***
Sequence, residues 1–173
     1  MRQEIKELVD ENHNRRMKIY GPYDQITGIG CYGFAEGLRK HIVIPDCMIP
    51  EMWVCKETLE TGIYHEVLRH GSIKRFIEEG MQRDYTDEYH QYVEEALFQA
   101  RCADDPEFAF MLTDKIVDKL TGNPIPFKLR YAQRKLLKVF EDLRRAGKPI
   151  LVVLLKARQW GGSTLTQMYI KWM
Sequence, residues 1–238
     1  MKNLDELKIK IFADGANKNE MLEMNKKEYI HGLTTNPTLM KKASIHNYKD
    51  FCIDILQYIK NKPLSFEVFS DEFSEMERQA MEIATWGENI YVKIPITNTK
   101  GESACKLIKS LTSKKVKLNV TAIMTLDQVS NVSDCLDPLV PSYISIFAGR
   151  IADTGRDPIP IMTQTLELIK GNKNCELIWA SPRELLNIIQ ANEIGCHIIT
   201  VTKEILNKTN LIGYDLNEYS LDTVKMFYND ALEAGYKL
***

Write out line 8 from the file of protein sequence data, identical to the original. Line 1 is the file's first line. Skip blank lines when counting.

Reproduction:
    51  FCIDILQYIK NKPLSFEVFS DEFSEMERQA MEIATWGENI YVKIPITNTK